So, this idea that there will be Moon bases, there will be technology jobs, there will be technology construction jobs, there will be opportunities to work in the space agency. Dealing with the idea of building environmentally and eco-sensitive projects in Australia, and how we can transfer that knowledge into things like lunar bases and even off-planet space stations and how you build space stations. All of these things come down to that same idea of geospatial and location information and how you use that to actually construct something that's fit for human habitation.

So I'm going to take you a bit further away from planet Earth now and we're going to go to Mars. Something that might be of interest to you is that the XPRIZE just had their finals for the Avatar XPRIZE. Now, what is an avatar? It's not just that movie by James Cameron, though that's fantastic, an avatar is this idea that you might be sat somewhere in a haptic suit, which is a suit where you have all the touching, and the feeling, and the temperature, and everything, you can feel the environment. And there is a robot somewhere else. Be it on Mars, be it on the Moon, be it in a place near, where one of your family members lives, for example.

And you want to go and say, "Hello," to your family member or you want to have a job on the Moon but you don't want to leave planet Earth, you will be controlling an avatar robot, wherever that is. And so why is this important? Well, have a look at some of these avatar robots that have just reached... And, in fact, there were winners, you can go and have a look.

So, if you go to, you can see not only the Avatar XPRIZE, all of the other cool XPRIZEs that are going on. And there are really great resource, actually, especially for kids that are interested in what-ifs and interested in a bit of futurism to see some of these cutting-edge technologies actually happening through some of these grand challenges that are well-funded and operated out of the US at this not-for-profit.

And so this idea of, "What on earth has Mars got to do with, again, geospatial, and surveying, and spatial jobs on Earth?" Well, it's the same thing. What we're doing now is we are mapping, I mean Mars is being mapped with an inch of its life. I mean they're trying to make sure that... There's geopolitics, of course, involved. I mean there's some wonderful discussions in the philosophy and the ethics classroom and not just around spatial, and surveying, and STEM subjects when it comes to this.

As in, who has the right to land-grab on Mars? And when they start using colonial terms, like setting up a colony, is that actually... No, it's a settlement, not a colony. Like, there's a use of language ethics and frameworks that's going to be very interesting for some of this extra Earth, as an off-planet Earth, space-based construction. But again, mapping and having accurate satellite information of planet Earth, we will have satellites around Mars and we'll be doing location information around Mars. It's just a matter of literally years. It's not a matter of decades that we'll be doing this work.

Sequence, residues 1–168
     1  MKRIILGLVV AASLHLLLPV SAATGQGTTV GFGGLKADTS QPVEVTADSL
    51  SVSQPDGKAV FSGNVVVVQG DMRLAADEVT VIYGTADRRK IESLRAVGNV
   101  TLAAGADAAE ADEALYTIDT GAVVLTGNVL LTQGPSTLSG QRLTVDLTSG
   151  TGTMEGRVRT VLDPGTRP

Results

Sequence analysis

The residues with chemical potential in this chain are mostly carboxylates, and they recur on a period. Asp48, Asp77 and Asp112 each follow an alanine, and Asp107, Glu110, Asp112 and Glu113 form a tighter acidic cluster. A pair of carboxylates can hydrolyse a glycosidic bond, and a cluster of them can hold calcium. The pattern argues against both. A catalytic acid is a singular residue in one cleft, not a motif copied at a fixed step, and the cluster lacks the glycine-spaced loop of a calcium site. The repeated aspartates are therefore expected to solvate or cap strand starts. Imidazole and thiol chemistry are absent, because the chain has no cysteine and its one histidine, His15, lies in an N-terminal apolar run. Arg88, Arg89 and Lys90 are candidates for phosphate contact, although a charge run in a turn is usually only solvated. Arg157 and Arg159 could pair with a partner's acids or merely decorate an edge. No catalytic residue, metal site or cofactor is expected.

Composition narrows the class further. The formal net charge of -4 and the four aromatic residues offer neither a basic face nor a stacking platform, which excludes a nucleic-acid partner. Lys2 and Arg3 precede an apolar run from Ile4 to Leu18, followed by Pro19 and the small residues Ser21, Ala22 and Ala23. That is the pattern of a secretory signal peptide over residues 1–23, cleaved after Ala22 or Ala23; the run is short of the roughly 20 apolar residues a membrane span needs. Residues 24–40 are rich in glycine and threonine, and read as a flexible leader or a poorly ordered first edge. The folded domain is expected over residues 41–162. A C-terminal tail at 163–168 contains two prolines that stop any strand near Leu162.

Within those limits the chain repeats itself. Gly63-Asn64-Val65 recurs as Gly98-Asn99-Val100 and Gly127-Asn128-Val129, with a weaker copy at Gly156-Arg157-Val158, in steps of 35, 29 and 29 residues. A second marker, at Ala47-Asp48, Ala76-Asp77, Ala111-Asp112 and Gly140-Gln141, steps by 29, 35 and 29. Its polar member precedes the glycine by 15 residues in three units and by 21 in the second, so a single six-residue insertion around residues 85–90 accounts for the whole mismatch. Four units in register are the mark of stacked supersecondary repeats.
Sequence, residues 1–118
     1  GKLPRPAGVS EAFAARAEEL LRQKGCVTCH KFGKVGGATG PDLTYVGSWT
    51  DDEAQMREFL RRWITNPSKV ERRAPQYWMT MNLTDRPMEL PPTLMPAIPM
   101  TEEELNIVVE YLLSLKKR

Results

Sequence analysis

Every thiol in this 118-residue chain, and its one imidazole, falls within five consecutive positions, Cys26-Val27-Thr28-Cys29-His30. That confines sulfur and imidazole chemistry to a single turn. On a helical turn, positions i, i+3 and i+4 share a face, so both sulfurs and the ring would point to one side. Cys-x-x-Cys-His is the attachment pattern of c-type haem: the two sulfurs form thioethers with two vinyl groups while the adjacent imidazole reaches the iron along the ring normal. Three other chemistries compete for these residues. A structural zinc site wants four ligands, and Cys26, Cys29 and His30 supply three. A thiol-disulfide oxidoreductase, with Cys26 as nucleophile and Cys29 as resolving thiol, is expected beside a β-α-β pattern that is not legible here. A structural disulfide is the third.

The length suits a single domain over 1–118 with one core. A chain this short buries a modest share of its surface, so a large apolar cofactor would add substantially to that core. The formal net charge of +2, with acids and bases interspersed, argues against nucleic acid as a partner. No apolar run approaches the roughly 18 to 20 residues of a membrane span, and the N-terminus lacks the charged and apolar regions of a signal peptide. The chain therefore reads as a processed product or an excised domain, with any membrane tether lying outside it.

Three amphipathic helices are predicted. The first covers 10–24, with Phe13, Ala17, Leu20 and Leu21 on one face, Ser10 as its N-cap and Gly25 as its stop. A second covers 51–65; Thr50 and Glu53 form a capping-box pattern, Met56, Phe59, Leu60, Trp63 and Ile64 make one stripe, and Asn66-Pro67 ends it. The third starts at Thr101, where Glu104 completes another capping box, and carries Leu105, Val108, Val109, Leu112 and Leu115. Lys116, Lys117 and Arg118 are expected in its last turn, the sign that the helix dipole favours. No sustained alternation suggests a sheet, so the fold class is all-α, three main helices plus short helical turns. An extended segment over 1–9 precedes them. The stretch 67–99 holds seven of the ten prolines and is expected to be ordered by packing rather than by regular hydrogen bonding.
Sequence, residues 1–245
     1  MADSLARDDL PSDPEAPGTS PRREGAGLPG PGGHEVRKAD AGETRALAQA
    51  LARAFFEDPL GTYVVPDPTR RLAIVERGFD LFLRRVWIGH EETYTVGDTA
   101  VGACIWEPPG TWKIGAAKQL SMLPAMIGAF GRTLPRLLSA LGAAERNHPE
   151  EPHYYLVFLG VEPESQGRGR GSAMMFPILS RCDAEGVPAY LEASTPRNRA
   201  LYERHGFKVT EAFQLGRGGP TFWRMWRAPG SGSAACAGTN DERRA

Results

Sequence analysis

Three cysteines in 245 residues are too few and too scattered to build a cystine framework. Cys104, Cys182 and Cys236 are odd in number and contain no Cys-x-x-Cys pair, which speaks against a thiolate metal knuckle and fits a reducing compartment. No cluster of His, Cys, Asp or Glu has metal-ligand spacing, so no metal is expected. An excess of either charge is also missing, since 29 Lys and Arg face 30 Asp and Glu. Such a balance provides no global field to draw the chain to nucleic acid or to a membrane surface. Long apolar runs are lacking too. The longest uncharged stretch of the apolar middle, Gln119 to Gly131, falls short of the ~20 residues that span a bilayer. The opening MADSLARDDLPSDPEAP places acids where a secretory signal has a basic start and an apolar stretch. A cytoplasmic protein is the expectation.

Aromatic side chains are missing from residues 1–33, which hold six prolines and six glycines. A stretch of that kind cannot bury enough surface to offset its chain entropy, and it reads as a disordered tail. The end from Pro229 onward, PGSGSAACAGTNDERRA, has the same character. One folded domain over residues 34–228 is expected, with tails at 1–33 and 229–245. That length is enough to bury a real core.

So again, you've got anybody who's sort of early secondary. By the time they finish school, we will have a map of Mars that we probably didn't even realise we were going to have and it's happening now. And it's a mixture of government funding and private funding, and that's really interesting because the space race, never been like that before. And then the thing that's a bit closer to home when we talk about it is the metaverse.

Now, there's something here that crosses over between surveying and spatial and arts and creativity because how we design and build buildings is changing. Here in Brisbane where I currently live, we've had construction sites where they've been building high rises, and what they've done there is they've taken drones, and they've

flown them up to the level at which somebody's living room is going to be on the 22nd floor or wherever. And they have that drone do a full lovely cinematography, sort of map of what that's going to look like. And then, in deep immersive virtual reality, this becomes the view that one has when one looks at Apartment 2212, the 12th apartment on the 22nd floor.

And so you can actually physically be in your apartment build... You're buying off plans, so you're physically in this apartment block, physically looking out of your window at the view that you have of the river, or Brisbane, or the surrounds. And it's real. It's not simulated, it's not a photograph, it's actually a real moving living image that was captured on some high-res cameras that were flown upon a drone. And if you've been following me at all on social media or if you've known me at all, you know that I could go on about drones and geospatial, but that's not what today's about. But this idea that we will be looking at converging technologies and converging technologies around using the artistry of how that virtual reality world is going to interact with humans. Now, obviously, when you're selling an apartment that's a point-of-sale interaction. And I think if any of us have looked at rentals or houses to buy over the last few years, there's been this rise of the 360 walkthrough. I have particular pleasure in those 360 walkthroughs, where you find where the camera's looking at itself in a mirror. Why do I find that... And maybe it's 'cause I liked R2-D2 growing up. I find that so cute. But this idea that we are going to actually need people that understand the beauty, and the creativity, and the human factors of surveying, and the human factors of spatial data and the human factors of building the skeletons of the 6th Industrial Revolution and probably even the 5th Industrial Revolution in terms of how the metaverse is going to actually be a replica for society. One of the things we know that you sort of sometimes think, "Oh, students, they live inside their computer games," except when a computer game is a computer game. It won't be very long, I'd probably say in the next decade, that you might not know what's a computer game and what's not. Because we're going to have multisensory, smell or vision-enabled deep immersive VR where you could lose yourself in a moment, and catch yourself, and recognise, "Oh, crumbs. No, this isn't the real world, is it?" And it's interesting because there was a thing that came out of the UK recently with all of these researchers that work on robotics and they produced all these new laws for robotics. And the first one was a robot must identify itself as being a robot. What we don't have yet that I've seen, and please if anyone's seen it, and please correct me if I'm wrong, and I'll do a bit of extra research on this. But my initial understanding is we don't have it written anywhere that a metaverse has to identify itself as a virtual world. Gosh, the lawyers and the ethicists and the human rights people are going to have field days with this. But again, what does that mean for students that are in school today? Look, we're going to have jobs that combine things like digital twins and gamification. The games industry is worth more than the movies, music, and arts pretty much combined. I mentioned in my synopsis that they sold Weta for 2.4 billion Australian to a games company. Why would a games company care about a studio that makes movies? Well, that studio that makes movies makes them in virtual reality, almost the digital worlds that they've created for some of these massive cinematography and sweeping environments that we get sucked into when we're in the movies. And I'm not talking the 3D glasses that we wore to watch "Avatar." I just mean even watching how the world of, "The Lord of the Rings," for example, was put together. That is a fully immersive world that has been created. That is a metaverse that has been created in digital form, not in the way that